What I was most interested in was the “scrimmage touches per touchdown” category. Sometimes that number can be a bit inflated based on a player’s role. Obviously if a fullback used exclusively in goal-line sets is more likely to have a lower “scrimmage touches per touchdown” number than a featured back who gets mostly non-red zone touches. Or there are cases like 2006 Tim Tebow, who was essentially the Florida version of that when he had 9.4 scrimmage touches per score as a mostly red-zone quarterback that season.

Here’s what that best individual season number was for those aforementioned elite Florida receivers/running backs of the last decade. Remember, the lower the number, the better:

Florida RB/WR
Scrimmage touches/TD
Riley Cooper
Chris Rainey
Mike Gillislee
Trey Burton
Jeff Demps
Solomon Patton
Demarcus Robinson
Antonio Callaway
Josh Hammond
Van Jefferson
La’Mical Perine
Freddie Swain
2020 (4 games)
Kadarius Toney

That sound you just heard was Florida fans shouting “SEE, I TOLD YOU TONEY NEEDED MORE TOUCHES!”

Again, it’s a small sample size. Toney is only averaging 7.5 touches per game. He’s likely not going to increase that number very much, though he is tied with Kyle Pitts for the team lead with 22 catches.

(Pitts, in case you were wondering, is averaging a TD once every 3.1 scrimmage touches. He technically doesn’t qualify for this list because he doesn’t have 30 touches yet. And in case you were also wondering even though we aren’t making that comparison, Harvin’s best number was a ridiculous 6.5 touches per touchdown in 2008.)

Even if Toney only gets 1 touchdown in his next 30 touches, which seems extremely unlikely at the rate he’s going, that would still put his 2020 total at 1 score every 7.5 touches. More likely is that Toney bests that mark, and with all due respect to guys like Cooper, Jefferson, Swain and Hammond, there’s no debate as to who’s the bigger threat to reach pay dirt on any given play. Toney has at least 1 play of 30-plus yards in every game this year, and as we’ve seen, those yards aren’t often of the ho-hum variety.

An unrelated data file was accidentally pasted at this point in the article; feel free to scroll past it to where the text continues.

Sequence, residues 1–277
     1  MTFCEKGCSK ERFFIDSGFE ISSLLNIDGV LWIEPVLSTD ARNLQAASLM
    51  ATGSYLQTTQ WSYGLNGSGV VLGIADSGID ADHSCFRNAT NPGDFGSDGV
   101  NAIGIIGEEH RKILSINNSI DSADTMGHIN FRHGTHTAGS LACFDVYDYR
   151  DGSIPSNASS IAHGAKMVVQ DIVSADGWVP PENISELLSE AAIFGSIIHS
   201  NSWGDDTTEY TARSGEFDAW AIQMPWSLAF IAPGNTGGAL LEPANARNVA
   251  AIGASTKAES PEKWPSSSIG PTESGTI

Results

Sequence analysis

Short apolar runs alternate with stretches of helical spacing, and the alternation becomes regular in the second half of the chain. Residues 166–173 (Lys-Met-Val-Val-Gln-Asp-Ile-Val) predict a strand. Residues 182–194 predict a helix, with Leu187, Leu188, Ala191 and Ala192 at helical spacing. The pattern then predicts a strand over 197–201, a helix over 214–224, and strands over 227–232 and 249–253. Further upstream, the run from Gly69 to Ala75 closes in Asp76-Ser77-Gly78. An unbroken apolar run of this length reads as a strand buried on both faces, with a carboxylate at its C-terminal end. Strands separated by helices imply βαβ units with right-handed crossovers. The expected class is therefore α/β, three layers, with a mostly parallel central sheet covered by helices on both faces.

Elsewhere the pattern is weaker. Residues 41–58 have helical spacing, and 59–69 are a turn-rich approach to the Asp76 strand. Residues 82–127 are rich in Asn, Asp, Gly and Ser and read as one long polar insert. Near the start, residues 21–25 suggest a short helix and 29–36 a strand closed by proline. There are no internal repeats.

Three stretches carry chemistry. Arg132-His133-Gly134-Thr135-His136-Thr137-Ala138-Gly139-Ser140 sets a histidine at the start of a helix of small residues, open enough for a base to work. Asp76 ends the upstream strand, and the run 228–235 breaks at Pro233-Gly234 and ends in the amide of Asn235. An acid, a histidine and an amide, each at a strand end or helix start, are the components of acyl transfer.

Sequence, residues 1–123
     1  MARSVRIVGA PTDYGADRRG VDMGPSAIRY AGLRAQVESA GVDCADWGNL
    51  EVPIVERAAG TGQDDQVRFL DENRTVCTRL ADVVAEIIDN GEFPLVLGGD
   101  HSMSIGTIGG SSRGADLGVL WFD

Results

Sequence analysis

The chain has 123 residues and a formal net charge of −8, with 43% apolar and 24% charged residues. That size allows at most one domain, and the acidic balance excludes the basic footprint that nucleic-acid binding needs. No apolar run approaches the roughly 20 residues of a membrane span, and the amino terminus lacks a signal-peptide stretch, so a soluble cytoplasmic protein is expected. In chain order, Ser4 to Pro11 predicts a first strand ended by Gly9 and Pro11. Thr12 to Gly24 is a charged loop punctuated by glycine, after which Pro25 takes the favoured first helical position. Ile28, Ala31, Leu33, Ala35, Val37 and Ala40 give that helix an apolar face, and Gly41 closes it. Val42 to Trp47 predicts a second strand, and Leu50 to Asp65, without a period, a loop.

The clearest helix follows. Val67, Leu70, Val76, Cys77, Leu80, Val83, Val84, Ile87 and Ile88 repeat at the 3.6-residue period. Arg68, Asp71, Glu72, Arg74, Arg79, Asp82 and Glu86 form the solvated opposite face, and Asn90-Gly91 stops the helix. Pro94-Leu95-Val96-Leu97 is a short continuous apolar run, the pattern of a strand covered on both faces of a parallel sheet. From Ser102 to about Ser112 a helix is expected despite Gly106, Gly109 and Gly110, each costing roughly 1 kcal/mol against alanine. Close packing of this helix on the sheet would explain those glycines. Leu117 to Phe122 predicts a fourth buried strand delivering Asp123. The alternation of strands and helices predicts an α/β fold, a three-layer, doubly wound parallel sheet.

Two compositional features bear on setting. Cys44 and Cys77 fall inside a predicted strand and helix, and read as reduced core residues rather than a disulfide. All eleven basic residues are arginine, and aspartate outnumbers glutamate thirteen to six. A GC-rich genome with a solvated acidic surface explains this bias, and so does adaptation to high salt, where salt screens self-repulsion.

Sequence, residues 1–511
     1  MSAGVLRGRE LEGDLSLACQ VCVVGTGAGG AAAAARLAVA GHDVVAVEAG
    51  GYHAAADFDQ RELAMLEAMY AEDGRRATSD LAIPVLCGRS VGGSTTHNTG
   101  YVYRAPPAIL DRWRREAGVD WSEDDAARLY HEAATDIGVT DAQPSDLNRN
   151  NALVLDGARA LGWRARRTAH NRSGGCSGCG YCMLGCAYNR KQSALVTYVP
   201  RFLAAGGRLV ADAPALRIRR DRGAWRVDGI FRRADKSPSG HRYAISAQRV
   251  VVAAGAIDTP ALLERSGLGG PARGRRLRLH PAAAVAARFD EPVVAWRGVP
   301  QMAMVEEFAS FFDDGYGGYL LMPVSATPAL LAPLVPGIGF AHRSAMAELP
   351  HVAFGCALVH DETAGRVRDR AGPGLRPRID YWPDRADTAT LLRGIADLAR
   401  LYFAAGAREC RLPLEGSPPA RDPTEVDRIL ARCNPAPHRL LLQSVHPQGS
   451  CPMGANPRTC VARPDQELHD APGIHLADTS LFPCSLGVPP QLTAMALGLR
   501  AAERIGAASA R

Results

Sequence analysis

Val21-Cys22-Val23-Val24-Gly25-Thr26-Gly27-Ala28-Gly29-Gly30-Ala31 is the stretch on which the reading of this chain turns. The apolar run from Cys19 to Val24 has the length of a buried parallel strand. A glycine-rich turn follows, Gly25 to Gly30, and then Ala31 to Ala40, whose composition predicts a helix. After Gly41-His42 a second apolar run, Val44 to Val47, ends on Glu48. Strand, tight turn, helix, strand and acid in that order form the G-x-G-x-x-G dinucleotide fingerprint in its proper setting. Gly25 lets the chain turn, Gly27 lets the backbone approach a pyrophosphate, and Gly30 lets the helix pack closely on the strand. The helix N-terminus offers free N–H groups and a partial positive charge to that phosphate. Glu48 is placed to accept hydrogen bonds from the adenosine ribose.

Those long touchdowns — a Harvin speciality — have been few and far between for Florida against Georgia. This is the list of every offensive Gator touchdown of 30-plus yards against Georgia from 2009-19:

  • 2010 — Trey Burton, 51-yard TD rush
  • 2011 — Jordan Reed, 31-yard TD catch
  • 2014 — Matt Jones, 44-yard TD run
  • 2014 — Kelvin Taylor, 65-yard TD run
  • 2015 — Antonio Callaway, 66-yard TD catch
  • 2018 — Freddie Swain, 36-yard TD catch

Just 6 offensive touchdowns of 30-plus yards vs. Georgia in an 11-year stretch is telling, as is the 1 offensive score of 30-plus yards in the last 4 games against the Dawgs during the Kirby Smart era. That explains why when you take out defensive and special teams touchdowns, the Gator offense averaged just 21.3 points per Cocktail Party in the last 11 matchups.

In Harvin’s final Cocktail Party in 2008, he had a receiving touchdown and a rushing touchdown in a 49-10 beatdown of Georgia. Since then, Florida hasn’t come that close to flirting with, as Steve Spurrier would say, “half a hundred.” Shoot, the Gators haven’t even hit “quarter a hundred” in 5 years.

Florida also hasn’t had a player who could do Harvin-like things the way that Toney is in 2020. You could also make the case that the Gators haven’t seen a Georgia defense who could do the things it’s been doing in 2020. The No. 1 scoring defense in 2019 allowed an average of 14.8 points in its first 5 games of 2020 (that’s after taking out non-offensive scores allowed).

Who knows if that’ll continue on Saturday with the Dawgs suddenly dealing with a myriad of injuries. Who knows if Smart will earn another feather in his cap for a brilliant game plan to contain Toney en route to another Georgia victory in Jacksonville.

What do we know?

It’s been a hot minute since Georgia has had to defend a Florida player on Toney’s 2020 level.